In addition, our illustration of the differences in attitudes toward immigrants in the fourteen European countries showed that young people have, on average, largely tolerant attitudes in all European countries. Moreover, these results provided evidence that both low (e.g. Bulgaria) and high (e.g. Sweden) average scores on tolerance toward immigrants could be coupled with high degrees of polarization (measured as the gap between the 95th and 5th percentile) of these attitudes within the countries. These findings point to the need of considering multiple ways of describing these indicators, especially when improvement efforts are targeting the entire distribution of the young population in a country (limited here to the ICCS 2016 sample). For further research, this information could be supplemented with other indicators of attitudinal polarization shaped, for example, by socioeconomic background or gender.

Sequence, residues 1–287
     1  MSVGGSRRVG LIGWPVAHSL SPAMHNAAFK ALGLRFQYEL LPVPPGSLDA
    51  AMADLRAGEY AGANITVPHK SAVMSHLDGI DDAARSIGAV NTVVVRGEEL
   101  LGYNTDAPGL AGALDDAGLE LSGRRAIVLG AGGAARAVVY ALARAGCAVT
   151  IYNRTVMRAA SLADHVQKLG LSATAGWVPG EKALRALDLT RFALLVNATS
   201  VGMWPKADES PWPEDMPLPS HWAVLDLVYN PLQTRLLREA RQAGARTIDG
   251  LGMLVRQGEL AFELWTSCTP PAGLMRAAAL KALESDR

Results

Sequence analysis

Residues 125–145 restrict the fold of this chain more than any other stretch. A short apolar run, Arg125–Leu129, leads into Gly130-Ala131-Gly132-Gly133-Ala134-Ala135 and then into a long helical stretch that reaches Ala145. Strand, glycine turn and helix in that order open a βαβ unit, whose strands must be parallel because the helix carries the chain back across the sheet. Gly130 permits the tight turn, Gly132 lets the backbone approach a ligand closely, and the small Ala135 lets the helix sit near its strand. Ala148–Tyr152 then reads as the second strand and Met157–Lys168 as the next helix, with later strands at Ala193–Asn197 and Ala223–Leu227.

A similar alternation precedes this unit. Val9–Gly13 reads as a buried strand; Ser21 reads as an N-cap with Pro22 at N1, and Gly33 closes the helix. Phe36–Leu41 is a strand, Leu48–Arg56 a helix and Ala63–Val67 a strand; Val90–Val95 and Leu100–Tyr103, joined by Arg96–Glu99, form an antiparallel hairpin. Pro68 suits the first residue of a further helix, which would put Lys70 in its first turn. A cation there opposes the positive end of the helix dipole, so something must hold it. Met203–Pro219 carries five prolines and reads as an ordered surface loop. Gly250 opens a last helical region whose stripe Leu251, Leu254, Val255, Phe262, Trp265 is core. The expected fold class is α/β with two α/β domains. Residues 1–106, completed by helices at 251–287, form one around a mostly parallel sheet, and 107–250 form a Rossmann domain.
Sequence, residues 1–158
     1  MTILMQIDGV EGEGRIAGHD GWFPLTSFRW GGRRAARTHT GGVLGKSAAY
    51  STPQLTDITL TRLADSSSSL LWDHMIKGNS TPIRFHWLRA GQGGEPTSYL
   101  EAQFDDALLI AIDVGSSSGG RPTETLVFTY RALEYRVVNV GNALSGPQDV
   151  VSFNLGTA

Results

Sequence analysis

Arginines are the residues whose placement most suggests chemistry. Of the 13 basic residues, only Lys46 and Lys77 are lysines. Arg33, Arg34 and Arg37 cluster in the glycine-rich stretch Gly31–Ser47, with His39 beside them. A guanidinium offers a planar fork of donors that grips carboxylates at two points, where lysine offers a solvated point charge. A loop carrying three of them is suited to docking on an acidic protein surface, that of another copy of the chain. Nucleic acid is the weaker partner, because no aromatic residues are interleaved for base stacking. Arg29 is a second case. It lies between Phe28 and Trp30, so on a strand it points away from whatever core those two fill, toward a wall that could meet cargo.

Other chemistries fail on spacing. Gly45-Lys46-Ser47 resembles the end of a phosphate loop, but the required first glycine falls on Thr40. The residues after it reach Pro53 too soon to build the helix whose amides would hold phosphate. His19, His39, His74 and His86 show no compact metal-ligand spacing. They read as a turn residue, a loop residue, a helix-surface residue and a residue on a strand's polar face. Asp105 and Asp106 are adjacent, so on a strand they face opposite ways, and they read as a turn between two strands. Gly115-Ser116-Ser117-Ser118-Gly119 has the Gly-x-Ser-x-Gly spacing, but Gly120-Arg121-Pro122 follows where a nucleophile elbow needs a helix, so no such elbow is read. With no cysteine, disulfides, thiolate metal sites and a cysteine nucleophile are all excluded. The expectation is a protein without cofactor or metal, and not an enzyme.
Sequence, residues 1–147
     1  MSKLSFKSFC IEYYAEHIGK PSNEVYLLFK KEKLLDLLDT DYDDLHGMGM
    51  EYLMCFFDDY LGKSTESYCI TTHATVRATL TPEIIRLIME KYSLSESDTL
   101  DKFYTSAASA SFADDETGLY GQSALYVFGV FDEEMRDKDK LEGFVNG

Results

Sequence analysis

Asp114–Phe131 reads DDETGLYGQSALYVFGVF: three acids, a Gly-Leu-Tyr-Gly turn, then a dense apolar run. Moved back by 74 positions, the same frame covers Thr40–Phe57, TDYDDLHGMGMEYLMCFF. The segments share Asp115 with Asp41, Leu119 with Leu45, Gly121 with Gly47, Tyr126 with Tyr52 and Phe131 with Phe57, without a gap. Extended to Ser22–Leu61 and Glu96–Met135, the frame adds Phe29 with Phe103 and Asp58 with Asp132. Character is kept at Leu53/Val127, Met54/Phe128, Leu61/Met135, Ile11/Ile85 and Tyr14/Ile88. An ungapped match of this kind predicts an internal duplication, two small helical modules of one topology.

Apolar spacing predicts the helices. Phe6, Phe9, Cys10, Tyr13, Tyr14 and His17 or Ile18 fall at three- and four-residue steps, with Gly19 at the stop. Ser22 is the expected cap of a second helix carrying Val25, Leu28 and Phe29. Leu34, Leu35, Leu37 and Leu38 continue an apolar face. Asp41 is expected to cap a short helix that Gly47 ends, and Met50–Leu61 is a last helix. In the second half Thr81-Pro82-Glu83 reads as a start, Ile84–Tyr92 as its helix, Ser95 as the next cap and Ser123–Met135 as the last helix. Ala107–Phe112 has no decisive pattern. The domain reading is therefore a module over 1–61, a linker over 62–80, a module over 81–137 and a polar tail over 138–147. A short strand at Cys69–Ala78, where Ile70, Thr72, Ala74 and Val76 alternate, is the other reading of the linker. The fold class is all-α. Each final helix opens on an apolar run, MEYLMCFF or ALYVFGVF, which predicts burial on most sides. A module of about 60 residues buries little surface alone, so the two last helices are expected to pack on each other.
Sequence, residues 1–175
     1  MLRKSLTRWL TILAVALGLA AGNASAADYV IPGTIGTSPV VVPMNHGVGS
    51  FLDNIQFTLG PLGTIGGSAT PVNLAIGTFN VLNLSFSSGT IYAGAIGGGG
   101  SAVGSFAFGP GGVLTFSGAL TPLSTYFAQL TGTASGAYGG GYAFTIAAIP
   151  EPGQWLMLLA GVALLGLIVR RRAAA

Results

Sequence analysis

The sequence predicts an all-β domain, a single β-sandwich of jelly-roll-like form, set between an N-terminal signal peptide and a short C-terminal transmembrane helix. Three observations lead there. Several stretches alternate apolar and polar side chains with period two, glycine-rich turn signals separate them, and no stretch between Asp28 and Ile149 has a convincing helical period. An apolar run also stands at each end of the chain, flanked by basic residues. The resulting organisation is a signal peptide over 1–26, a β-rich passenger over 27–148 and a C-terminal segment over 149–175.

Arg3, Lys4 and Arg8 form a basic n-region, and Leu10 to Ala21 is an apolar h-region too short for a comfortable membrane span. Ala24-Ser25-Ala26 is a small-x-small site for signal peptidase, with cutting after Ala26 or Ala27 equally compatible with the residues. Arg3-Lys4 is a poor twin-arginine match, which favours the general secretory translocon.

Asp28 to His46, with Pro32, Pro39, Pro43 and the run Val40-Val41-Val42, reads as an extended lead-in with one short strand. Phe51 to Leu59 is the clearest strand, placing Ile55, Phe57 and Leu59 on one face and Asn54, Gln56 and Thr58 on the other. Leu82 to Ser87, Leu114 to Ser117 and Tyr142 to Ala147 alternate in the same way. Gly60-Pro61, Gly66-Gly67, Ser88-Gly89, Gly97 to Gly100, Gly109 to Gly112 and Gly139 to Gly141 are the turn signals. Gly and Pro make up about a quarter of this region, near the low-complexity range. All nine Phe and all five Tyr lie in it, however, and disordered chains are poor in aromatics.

Lastly, the current study encountered a number of limitations which may provide additional avenues for further research in the field. First, we acknowledge that our substantive contribution to the conceptualization and measurement of tolerance toward immigrants is limited as it had to be embedded within the boundaries set by the ICCS 2016 study. Although we have sufficient confidence that this measure is valid and reliable over the years, we acknowledge that conceptualizations of tolerance toward immigrants could be broader (e.g. including additional measures of social tolerance) and that measurement strategies could be improved (e.g. by applying a “least liked” approach, see Gibson 2013). We therefore welcome further reflections on these issues both outside and within the ILSA community. Second, this article illustrated that investigating measurement invariance in ILSAs such as ICCS is a vibrant emerging field of research. As such, guidelines for the evaluation of measurement invariance testing are rather imprecise (e.g. when considering various characteristics of the model such as number of factors, number of groups, sample size, number of items per factors, continuous versus categorical data, etc.) and are constantly being reconsidered. In this study, we followed guidelines for model fit evaluation that were largely based on several studies investigating smaller groups and mostly continuous measures and one study that documented cutoff criteria applied to large groups of countries and unidimensional categorical data. We were unable to identify studies that document model fit evaluation criteria that are closely applicable to our specific models (e.g. three-dimensional construct, different number of items underlying several concepts, large sample sizes, large number of groups and categorical indicators). We therefore acknowledge that future research may challenge our findings. We consider further simulation studies (e.g. considering several conditions) and well documented measurement invariance studies (e.g. reporting potential sources of non-invariance) applied to ILSA data to be fruitful avenues for advancing further knowledge. Third, in contrast to previous waves of the IEA civic and citizenship education studies (i.e. CIVED 1999 and ICCS 2019), in ICCS 2016, the measure tapping into student’s attitudes toward immigrants was administered only within the European module of the survey. For this reason, measurement invariance investigations applied to the larger set of countries (located also in Latin America or Asia) included in the ICCS 2016 main survey could not be performed. Therefore, we must acknowledge that our results are only applicable to the fourteen European countries surveyed in ICCS 2016. While different, the European countries share a common core of cultural and contextual characteristics. The non-European ICCS 2016 countries may instead show stronger contextual differences that could challenge comparability. Future ICCS studies could potentially provide opportunities to extend this analysis to a larger, more heterogeneous, group of countries. To conclude, for the time being, we are confident to have provided different stakeholders with sufficiently reliable and relevant information regarding the cross-cultural comparability of inter-European differences in young people’s tolerant attitudes toward immigrants in the context of ICCS 2016 and we highly encourage further research along the lines outlined above.